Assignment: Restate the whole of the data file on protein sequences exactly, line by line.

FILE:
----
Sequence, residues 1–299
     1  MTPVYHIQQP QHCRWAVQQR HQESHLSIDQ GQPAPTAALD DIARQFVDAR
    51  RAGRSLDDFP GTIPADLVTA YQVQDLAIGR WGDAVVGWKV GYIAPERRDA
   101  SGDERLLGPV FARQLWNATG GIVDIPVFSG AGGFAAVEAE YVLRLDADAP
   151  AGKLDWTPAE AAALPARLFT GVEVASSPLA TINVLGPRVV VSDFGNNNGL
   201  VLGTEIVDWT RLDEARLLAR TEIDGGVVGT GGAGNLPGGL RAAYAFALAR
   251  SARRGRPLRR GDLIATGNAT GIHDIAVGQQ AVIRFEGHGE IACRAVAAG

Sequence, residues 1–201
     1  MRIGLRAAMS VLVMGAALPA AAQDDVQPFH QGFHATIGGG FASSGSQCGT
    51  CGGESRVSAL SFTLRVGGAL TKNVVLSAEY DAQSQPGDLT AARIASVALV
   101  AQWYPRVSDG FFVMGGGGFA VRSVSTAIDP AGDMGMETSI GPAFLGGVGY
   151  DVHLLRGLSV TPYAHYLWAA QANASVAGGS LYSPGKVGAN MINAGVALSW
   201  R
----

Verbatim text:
Sequence, residues 1–299
     1  MTPVYHIQQP QHCRWAVQQR HQESHLSIDQ GQPAPTAALD DIARQFVDAR
    51  RAGRSLDDFP GTIPADLVTA YQVQDLAIGR WGDAVVGWKV GYIAPERRDA
   101  SGDERLLGPV FARQLWNATG GIVDIPVFSG AGGFAAVEAE YVLRLDADAP
   151  AGKLDWTPAE AAALPARLFT GVEVASSPLA TINVLGPRVV VSDFGNNNGL
   201  VLGTEIVDWT RLDEARLLAR TEIDGGVVGT GGAGNLPGGL RAAYAFALAR
   251  SARRGRPLRR GDLIATGNAT GIHDIAVGQQ AVIRFEGHGE IACRAVAAG

Sequence, residues 1–201
     1  MRIGLRAAMS VLVMGAALPA AAQDDVQPFH QGFHATIGGG FASSGSQCGT
    51  CGGESRVSAL SFTLRVGGAL TKNVVLSAEY DAQSQPGDLT AARIASVALV
   101  AQWYPRVSDG FFVMGGGGFA VRSVSTAIDP AGDMGMETSI GPAFLGGVGY
   151  DVHLLRGLSV TPYAHYLWAA QANASVAGGS LYSPGKVGAN MINAGVALSW
   201  R